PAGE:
California Apparel News
By: Andrew Asch
Macy’s Inc. announced results for its 2019 holiday performance on Jan. 8, and the results were a relative boost from its third-quarter sales, said Jeff Gennette, Macy’s chairman and chief executive officer.
Same-store sales for November and December, when holiday 2019 went into full gear, showed a slight decline of 0.6 percent. But it was a rally from the department-store giant’s third-quarter results, when same-store sales declined 3.5 percent, he said.
“Macy’s, Inc.’s performance during the holiday season reflected a strong trend improvement from the third quarter,” Gennette said. “Our digital business and Growth150 stores performed well. Additionally, customers responded to our gifting assortment and marketing strategy, particularly in the 10 days before Christmas.” Despite this news, on Jan. 8, Macy’s Inc. announced that it would close 28 of its store locations, one of which is in Antioch, Calif.
Kohl’s Corp. reported results for its 2019 holiday performance on Jan. 9. Its same-store sales dipped 0.2 percent compared to the 2018 season. JCPenney Company, Inc. said that its holiday 2019 same-store sales declined 7.5 percent.
More results will be coming in. The National Retail Federation is scheduled to announce holiday 2019 sales results on Jan. 16. But early reports from the holiday season’s business were good. Mastercard SpendingPulse, a research division of the Mastercard payments network, reported Dec. 26 that holiday 2019 sales increased 3.4 percent in a year-over-year comparison.
Some holiday-business watchers described the recent season as enjoying mixed business. One forecast for holiday business was a miss, John Harman, a senior analyst for Coresight Research, said in a Jan. 9 conference call with reporters. His market-research group forecasted that sales would be 4.0 percent better than the 2018 holiday season, but Coresight tracking of holiday sales found that it only went up 3.8 percent.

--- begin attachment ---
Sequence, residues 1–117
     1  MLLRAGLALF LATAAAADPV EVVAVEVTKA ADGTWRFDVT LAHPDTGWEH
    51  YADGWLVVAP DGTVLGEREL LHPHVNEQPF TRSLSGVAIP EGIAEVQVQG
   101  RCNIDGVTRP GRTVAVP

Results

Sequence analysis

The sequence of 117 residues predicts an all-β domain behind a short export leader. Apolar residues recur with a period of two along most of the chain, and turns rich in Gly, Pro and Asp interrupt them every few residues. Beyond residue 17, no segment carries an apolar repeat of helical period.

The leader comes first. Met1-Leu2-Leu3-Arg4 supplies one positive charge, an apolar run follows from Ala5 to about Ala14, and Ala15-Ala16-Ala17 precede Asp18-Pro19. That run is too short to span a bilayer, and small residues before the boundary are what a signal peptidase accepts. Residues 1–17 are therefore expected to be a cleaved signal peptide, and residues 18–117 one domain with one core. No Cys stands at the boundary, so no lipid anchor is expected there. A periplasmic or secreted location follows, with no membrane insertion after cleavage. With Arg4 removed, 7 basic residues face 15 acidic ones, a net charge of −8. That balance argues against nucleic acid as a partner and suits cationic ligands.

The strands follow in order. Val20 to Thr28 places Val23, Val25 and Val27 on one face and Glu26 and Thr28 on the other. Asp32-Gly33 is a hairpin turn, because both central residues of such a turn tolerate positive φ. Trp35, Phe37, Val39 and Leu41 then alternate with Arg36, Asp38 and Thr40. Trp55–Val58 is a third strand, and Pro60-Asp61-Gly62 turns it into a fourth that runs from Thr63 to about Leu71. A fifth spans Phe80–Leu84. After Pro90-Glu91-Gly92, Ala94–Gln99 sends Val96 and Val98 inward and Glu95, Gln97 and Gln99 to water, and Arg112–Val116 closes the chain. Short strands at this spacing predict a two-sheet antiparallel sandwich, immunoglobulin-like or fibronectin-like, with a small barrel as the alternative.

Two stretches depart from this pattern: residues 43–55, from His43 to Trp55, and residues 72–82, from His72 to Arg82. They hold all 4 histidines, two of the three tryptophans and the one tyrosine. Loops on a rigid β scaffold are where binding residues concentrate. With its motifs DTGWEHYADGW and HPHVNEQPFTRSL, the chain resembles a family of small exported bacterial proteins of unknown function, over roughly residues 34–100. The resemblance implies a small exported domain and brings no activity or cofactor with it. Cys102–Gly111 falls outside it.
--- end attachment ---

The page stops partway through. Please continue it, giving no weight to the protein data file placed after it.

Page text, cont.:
Others have forecasted that holiday 2019 sales would be solid. In a Jan. 7 note, Ken Perkins of Retail Metrics reported a Wall Street consensus that the U.S. retail sector would enjoy a 2.1 percent same-store sales gain for the fourth quarter. But the season was not marked by perfect business. “Holiday 2019 was characterized by heavy promotions across the industry, particularly in specialty apparel and department stores, which are fighting for their very lives,” he wrote.
He also noted that digital-commerce sales skyrocketed during the holiday “Amazon looked to be king once again in terms of digital shopping,” Perkins wrote.
A Dec. 26 statement released by Amazon called its season’s business record breaking. Amazon declined to state how much revenue it made but did say that more people tried its Prime service during the holiday than in any previous year. During one week in the holiday season, 5 million people started free Prime trials and paid Prime memberships during the season.
But holiday e-commerce sales will be challenged with a high return rate, according to a study released Dec. 19 by CBRE, a commercial-real-estate and investment firm, and Optoro, a Washington D.C.–based platform that processes returns for retailers.
It forecasted that online returns could cost retailers as much as $41.6 billion for the holiday 2019 season. While bricks-and-mortar retailers typically have 8 percent of their orders returned, online retailers typically have a return rate of 15 percent to 30 percent.